A swallow does not a summer make. Nor does an 11 minute silence on Twitter make a season of peace and content.

But golly, it helps.

The Washington Post (article below) reports the incident of Trump’s short silence on Twitter with a chronological approach reminiscent of a crime report.

A crime report.

The security implications of one individual accessing an account are serious. Yet surely correctable. To any of us who have ever (inside our heads) murmured ‘please make it stop’ in a long meeting or listening to a unending speech, there may be a more concerning thought here.

Will the pursuit of silence, or the respite from a constant stream of messaging and exhortation become a radical and subversive act?

Perhaps it should be?

The Booker prize winner this year, George Saunders, wrote a ‘manifesto’ in the New Statesman for a group he calls the PRKA (People Reluctant to Kill for an Abstraction)

the ‘we are many’, who …’ rise in the morning with no plans to convert anyone via beating, humiliation, or invasion. To tell the truth, we’re tired. We work. We would really like some peace and quiet. When wrong, we think about it awhile, then apologise. We stand under awnings during urban thunderstorms, moved to thoughtfulness by the beautiful, troubled, umbrella-tinged faces rushing by.’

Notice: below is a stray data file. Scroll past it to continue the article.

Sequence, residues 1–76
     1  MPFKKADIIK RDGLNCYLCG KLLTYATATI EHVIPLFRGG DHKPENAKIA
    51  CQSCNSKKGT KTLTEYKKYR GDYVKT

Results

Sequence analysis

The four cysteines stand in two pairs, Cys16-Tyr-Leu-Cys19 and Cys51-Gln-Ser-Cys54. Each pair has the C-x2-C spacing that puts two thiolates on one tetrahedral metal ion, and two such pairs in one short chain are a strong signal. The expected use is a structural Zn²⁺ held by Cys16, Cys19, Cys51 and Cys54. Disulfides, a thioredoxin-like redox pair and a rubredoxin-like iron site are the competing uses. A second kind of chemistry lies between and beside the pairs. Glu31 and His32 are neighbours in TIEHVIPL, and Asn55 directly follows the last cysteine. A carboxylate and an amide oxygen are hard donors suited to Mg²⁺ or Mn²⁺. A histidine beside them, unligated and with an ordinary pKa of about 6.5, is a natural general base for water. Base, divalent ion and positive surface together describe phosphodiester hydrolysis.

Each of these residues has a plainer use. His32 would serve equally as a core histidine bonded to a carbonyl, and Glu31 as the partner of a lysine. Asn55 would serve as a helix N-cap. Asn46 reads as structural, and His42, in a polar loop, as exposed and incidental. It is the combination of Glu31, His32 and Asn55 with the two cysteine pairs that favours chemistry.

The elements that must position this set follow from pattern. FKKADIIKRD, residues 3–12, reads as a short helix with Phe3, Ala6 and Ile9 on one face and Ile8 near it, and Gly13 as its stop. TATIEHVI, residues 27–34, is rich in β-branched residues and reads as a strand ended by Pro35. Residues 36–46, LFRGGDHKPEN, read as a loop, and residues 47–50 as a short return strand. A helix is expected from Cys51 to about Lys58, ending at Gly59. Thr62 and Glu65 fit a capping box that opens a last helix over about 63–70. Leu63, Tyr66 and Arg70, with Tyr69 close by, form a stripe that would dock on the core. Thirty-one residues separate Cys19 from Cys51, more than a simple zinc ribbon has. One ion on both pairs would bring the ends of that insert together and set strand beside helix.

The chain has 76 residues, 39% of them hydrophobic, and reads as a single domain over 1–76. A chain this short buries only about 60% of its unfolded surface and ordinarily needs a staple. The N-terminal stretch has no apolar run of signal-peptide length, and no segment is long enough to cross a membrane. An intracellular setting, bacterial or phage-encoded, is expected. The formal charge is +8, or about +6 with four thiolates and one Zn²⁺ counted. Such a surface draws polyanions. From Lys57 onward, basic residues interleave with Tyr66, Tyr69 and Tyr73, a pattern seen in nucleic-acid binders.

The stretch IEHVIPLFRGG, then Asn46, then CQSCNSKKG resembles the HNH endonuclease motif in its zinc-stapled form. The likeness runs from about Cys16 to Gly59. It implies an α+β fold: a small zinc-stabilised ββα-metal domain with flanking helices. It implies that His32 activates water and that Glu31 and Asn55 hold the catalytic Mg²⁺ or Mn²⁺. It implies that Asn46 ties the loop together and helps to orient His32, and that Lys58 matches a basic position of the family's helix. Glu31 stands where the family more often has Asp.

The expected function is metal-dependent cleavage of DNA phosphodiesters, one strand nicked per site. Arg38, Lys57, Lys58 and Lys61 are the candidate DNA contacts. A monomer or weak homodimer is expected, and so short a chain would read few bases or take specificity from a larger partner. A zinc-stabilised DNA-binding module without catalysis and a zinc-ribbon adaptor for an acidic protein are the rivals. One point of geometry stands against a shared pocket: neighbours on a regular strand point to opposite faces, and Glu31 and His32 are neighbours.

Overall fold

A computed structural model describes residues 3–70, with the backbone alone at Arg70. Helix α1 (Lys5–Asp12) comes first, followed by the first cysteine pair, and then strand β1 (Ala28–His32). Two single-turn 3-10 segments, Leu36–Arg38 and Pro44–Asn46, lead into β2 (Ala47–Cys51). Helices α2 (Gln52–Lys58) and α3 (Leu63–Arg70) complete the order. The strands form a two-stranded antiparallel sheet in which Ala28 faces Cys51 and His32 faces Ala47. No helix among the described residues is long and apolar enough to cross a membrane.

Some peace and quiet.

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I worked with a team today who made a most wonderful job of the task in hand by doing a most wonderful thing: consciously pausing, when they felt like it, to think and reflect. It’s the difference between losing and winning; between madness and sanity. Soon after the Trump-respite, there were calls for the unknown Twitter ex-employee to be awarded the Nobel Peace Prize.

Silence needs protecting. And so too, perhaps, do the silence protectors.